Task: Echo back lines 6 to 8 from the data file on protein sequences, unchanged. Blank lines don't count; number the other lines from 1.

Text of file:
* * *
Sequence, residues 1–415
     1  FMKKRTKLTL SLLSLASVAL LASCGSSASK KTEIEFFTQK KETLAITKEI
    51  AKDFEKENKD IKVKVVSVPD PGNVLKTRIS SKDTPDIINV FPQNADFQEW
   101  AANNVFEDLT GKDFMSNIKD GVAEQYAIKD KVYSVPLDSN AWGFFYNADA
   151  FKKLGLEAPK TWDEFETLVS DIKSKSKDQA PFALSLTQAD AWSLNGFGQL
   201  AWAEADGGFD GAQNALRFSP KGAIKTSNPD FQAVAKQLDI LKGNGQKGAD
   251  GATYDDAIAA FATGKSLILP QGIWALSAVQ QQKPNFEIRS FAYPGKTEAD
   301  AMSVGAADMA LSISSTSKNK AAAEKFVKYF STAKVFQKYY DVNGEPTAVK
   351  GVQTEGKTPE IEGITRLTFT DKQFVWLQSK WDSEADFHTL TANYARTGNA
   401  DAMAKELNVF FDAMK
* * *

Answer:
   201  AWAEADGGFD GAQNALRFSP KGAIKTSNPD FQAVAKQLDI LKGNGQKGAD
   251  GATYDDAIAA FATGKSLILP QGIWALSAVQ QQKPNFEIRS FAYPGKTEAD
   301  AMSVGAADMA LSISSTSKNK AAAEKFVKYF STAKVFQKYY DVNGEPTAVK